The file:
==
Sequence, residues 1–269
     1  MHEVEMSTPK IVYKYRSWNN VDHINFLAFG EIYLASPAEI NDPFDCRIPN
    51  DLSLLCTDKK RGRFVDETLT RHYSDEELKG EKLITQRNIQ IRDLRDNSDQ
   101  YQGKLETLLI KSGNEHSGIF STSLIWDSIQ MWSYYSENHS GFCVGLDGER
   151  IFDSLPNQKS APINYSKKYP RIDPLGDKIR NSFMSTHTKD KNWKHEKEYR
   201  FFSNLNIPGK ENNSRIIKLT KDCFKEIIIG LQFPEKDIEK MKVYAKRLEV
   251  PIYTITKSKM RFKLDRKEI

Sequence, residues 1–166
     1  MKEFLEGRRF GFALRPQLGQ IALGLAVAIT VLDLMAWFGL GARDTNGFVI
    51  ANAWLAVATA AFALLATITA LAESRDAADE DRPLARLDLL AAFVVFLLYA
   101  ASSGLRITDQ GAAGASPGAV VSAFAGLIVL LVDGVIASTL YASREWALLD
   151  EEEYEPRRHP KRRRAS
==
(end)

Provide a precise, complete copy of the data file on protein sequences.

Sequence, residues 1–269
     1  MHEVEMSTPK IVYKYRSWNN VDHINFLAFG EIYLASPAEI NDPFDCRIPN
    51  DLSLLCTDKK RGRFVDETLT RHYSDEELKG EKLITQRNIQ IRDLRDNSDQ
   101  YQGKLETLLI KSGNEHSGIF STSLIWDSIQ MWSYYSENHS GFCVGLDGER
   151  IFDSLPNQKS APINYSKKYP RIDPLGDKIR NSFMSTHTKD KNWKHEKEYR
   201  FFSNLNIPGK ENNSRIIKLT KDCFKEIIIG LQFPEKDIEK MKVYAKRLEV
   251  PIYTITKSKM RFKLDRKEI

Sequence, residues 1–166
     1  MKEFLEGRRF GFALRPQLGQ IALGLAVAIT VLDLMAWFGL GARDTNGFVI
    51  ANAWLAVATA AFALLATITA LAESRDAADE DRPLARLDLL AAFVVFLLYA
   101  ASSGLRITDQ GAAGASPGAV VSAFAGLIVL LVDGVIASTL YASREWALLD
   151  EEEYEPRRHP KRRRAS